Blue Planet II producer on filming breathtaking seascapes in SA

2018-02-09 07:01
 

Cape Town – Nothing is more refreshing than diving into the sea on a scorching day. Beyond the shore there’s a whole other world, an entire ecosystem going through their routines. 

Blue Planet II on BBC Earth (DStv 184) will explore and take humans into underwater worlds from the ocean to coral reefs, green seas and the shore.

The sequel comes sixteen years later, which producer Jonathan Smith told Channel24 during a telephone interview is the right time. 

“We have made so many new scientific discoveries and our ability to capture underwater now with new technology is so advanced. All of this comes together so that now sixteen years later we can give a really unique and very privileged view of the ocean.”

Jonathan is a natural history film producer at the BBC Studios Natural History Unit specialising in underwater landmark wildlife films.

TELLING UNDERWATER STORIES

Filming underwater is a huge challenge not only is it difficult getting deep into the ocean but cameras and water don’t really mix well.

“A cameraman I work with uses a great analogy. Filming underwater is like trying to film a lion at night in a big fog,” says Jonathan. 

He continues: “First we have to get the right cameras that can operate at great depth. With that done we then have to capture the behaviour from sea creatures to complete our sequences which is the ultimate challenge. We can take hundreds of hours of footage on one individual fish in order to capture and finally get the behaviour for the sequence.”

Finding these underwater stories to tell requires a lot of research. In the first year the production team solely looked for stories. 

“We depend on scientists, field guides, dive masters and people who spend all their time in the ocean and on the seas. Some people have spent their whole lives following one animal. A camera man Craig Ferguson has spent six years following and watching an octopus in Cape Town,” says Johnathan. 

(A group of Bottlenose dolphins along the Wild Coast, South Africa. The film crew waited weeks to get right wave conditions and dolphins in the area, in order to shoot the surfing dolphin sequence. Photo: Steve Benjamin)

FILMING IN SOUTH AFRICA

Three sequences in the series were filmed in the Eastern Cape and Cape Town.

In fact the series opens with a beautiful sequence of surfing dolphins in the Transkei.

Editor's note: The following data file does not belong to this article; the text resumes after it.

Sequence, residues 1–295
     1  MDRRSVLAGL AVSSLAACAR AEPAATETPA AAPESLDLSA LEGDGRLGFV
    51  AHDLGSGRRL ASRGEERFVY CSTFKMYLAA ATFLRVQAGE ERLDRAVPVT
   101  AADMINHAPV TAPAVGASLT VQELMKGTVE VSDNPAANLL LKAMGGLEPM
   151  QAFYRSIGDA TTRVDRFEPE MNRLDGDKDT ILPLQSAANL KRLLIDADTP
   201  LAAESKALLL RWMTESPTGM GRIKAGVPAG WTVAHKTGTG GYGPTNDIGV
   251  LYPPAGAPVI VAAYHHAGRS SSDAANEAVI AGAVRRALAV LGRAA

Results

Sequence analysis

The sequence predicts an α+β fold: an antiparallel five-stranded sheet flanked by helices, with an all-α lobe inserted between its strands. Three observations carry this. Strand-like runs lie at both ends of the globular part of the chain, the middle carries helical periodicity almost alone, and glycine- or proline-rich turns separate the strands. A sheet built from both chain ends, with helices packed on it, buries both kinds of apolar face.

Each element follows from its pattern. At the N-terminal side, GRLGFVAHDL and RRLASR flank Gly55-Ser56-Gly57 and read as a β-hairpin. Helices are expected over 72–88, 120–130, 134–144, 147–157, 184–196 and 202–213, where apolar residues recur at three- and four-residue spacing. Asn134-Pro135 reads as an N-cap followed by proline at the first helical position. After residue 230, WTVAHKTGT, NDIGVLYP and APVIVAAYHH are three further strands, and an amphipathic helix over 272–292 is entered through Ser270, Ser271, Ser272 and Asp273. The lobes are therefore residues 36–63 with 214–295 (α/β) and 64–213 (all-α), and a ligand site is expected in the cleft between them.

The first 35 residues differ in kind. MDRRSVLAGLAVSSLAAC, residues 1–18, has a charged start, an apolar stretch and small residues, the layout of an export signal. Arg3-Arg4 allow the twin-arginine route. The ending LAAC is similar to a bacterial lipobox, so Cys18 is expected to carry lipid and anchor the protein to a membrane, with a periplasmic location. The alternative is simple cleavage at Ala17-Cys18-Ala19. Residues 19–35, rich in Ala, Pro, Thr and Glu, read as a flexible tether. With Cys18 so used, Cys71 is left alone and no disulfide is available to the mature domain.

For Johnathan it was an amazing experience working with a team from Cape Town and legendary big wave surfers from Durban led by pro-surfer Jason Ribbink. With their expert knowledge of waves they helped the producers get into the perfect spot to film. 

“In my opinion it is the best sequence of waves ever shot – it takes me back every time I see it.”

Another sequence was filmed in the kelp forest where they followed a giant octopus. 

“In this series we take you on a journey with the animals to experience their world and the challenges they face. This octopus is formidable and has come up with an amazing defence strategy to avoiding sharks,” says Johnathan. 

(Giant waves breaking along the Wild Coast, South Africa. During the filming of the surfing dolphin sequence, the team witnessed one of the largest swells to hit this coastline in the last 5 years. Photo: BBC)

THE WEIRD AND WONDERFUL

Speaking about what viewers can expect to see Johnathan says there is so much that will blow their minds. 

A giant fish jumping out of the water to catch a bird flying overhead, a fish that uses tools for the very first time, a fish and an octopus that team up and killer whales that become friends with dolphins - these are few of the breathtaking moments captured. 

And what does he hope viewers will take away from the series?

“I hope that people will take away a whole new understanding about the ocean. It’s not just the newness from species and behaviour but also the bigger picture. There are massive changes like less ice in the Artic and an overwhelming increase of plastic in the world’s oceans.”

He adds: “The only way that we can understand the ocean and what is happening is through the eyes of the animals and understanding them and their habitat.”

(Cameraman Roger Horrocks has a close encounter with his subject, a female common octopus while filming for the Green Seas episode in kelp forests off the Cape of Good Hope, South Africa. Photo: John Chambers)

Catch Blue Planet II Sundays at 16:00 on BBC Earth (DStv 184)

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